Stop being as clear as mud

by | Mar 26, 2013 | Blog | 0 comments

The irony struck me while preparing to moderate the panel “Communicating Change: Best Practices in Change Management Communications” for the San Francisco Chapter of IABC (International Association of Change Management Professionals).

“Change” and “clarity” are two words that we commonly use on the surface without fully exploring their depth. As a result, we may inadvertently mislead people and confuse them further.

As background, the organizers of the SF-IABC event and I asked the panelists from Bayer HealthCare, Chevron, The Clorox Company, McKesson and Wells Fargo to share a case study describing their change management initiative and then share their lessons learned.

Referring to their case studies as change initiatives was a misnomer. It would be like calling last fall’s super storm Hurricane Sandy a rain shower.

The organizational changes they were sharing were like most these days—not a simple change from one way of operating to another. No well-defined, orderly incremental steps.

Instead, these were transformations. With transformations, we break from the past and move to a future that we can’t see from our present positions. Our leaders may be able to paint a vision, but it’s an ambiguous picture.

In transformations, we’re changing form and function with many simultaneous, interactive moving parts.

That’s why change is hard for many. We’re dealing with complexity and many unknowns, especially if we’re also juggling multiple transformations in our work and personal lives.

No wonder we prefer to use the simple one-syllable word “change.”

The four-syllable “transformation” taxes our brains. Combine it with the three-syllable word “management” and “transformation management ” becomes a mouthful as well as an eye-glazing moment.

Even the phrase “change management” reeks of business speak-bingo instead of a practical, principled way to adapt to new circumstances.

We also muddy up the waters when we talk about the value of having simple clarity about the change or the transformation.

We need clarity on at least three levels: the ideas, articulation of those ideas and the actions needed to execute on those ideas.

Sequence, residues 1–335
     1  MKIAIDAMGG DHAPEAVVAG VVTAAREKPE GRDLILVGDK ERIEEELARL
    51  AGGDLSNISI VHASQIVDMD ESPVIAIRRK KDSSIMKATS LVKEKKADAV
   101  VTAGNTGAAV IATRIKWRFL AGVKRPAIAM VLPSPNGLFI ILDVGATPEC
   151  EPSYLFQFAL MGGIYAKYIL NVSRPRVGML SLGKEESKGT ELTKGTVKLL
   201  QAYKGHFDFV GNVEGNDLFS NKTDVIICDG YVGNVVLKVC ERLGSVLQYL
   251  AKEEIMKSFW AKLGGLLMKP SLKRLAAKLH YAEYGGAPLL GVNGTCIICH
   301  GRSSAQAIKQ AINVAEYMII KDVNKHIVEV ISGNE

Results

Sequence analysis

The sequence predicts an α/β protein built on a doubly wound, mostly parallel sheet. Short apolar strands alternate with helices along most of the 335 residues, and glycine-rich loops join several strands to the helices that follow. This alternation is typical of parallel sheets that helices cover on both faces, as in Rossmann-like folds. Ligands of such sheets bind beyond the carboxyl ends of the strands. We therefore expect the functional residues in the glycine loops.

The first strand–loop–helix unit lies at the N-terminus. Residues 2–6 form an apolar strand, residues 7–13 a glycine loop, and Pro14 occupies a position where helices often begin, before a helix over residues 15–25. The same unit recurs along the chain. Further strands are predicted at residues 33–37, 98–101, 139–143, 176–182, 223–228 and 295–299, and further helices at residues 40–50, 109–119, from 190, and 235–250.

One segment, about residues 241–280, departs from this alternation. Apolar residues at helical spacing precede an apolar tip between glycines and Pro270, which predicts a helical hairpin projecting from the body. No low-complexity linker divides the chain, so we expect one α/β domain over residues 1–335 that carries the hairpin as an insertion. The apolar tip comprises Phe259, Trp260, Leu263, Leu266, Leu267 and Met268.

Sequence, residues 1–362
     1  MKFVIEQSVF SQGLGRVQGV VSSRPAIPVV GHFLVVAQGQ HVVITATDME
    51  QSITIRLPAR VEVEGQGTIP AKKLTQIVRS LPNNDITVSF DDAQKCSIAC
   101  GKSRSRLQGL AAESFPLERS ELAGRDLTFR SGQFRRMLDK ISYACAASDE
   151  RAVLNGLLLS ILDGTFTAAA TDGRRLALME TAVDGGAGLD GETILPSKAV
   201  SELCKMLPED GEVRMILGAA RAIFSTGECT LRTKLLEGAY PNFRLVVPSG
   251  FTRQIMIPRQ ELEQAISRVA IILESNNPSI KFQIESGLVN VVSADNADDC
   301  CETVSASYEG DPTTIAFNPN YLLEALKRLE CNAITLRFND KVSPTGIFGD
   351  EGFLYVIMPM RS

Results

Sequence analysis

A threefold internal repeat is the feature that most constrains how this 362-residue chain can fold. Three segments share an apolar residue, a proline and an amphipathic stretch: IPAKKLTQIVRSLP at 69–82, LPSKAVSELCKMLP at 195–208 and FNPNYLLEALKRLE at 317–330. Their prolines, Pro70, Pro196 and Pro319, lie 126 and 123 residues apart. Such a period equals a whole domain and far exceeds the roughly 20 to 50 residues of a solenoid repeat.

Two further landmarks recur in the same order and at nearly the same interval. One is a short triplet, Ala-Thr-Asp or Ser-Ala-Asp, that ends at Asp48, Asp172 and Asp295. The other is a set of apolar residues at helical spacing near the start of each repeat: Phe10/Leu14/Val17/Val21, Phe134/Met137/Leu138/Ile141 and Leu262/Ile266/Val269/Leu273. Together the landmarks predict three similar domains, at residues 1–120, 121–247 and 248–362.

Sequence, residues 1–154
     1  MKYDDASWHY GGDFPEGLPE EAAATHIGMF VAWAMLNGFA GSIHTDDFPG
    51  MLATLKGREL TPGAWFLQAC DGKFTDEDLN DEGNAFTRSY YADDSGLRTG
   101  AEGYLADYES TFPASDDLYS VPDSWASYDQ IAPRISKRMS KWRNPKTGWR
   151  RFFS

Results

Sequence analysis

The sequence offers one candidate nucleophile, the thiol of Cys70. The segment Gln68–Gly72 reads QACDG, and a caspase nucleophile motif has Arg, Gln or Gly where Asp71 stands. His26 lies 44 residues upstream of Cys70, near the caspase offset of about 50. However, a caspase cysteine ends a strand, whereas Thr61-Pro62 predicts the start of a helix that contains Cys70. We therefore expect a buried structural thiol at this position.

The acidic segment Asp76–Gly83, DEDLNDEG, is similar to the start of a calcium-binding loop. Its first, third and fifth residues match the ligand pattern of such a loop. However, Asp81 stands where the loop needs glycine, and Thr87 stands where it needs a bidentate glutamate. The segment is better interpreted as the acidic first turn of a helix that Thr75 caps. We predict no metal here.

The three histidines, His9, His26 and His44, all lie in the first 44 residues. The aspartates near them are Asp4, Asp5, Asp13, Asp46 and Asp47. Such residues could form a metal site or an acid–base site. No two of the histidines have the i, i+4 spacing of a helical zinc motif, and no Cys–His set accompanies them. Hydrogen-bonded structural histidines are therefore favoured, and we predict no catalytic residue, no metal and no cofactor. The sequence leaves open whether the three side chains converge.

For example, take the clarity of your ideas, which includes the transformation your organization needs to take. Are you testing your ideas with stakeholders to make sure your stakeholders understand them and consider them relevant? Are you considering how  your organization culture may support or suppress your ideas?

As for the clarity of the expression,  are you being specific, succinct and memorable? Are you choosing your words carefully, not sugar-coating? Are you using metaphors, which are a powerful way to express an idea through more a memorable visual?

Then when it’s time to call people to action, how explicit are you about the actions that you need others to take? Also, are you leading by example? How well do your words and actions match? Are you syncing up your words and actions to align with the type of transformation?

For example, if we’re advocating a break with past practices, we need to show that with our actions, including using a different communication style or method. If it’s an organizational transformation with a personal component—such as total rewards—we should be personal with our approach, including the communication, as one of our panelists explained.

Just as the road to good intentions is paved with hell, the path to clear change is dotted with mud puddles.

Are you wallowing in mud or basking in clarity?


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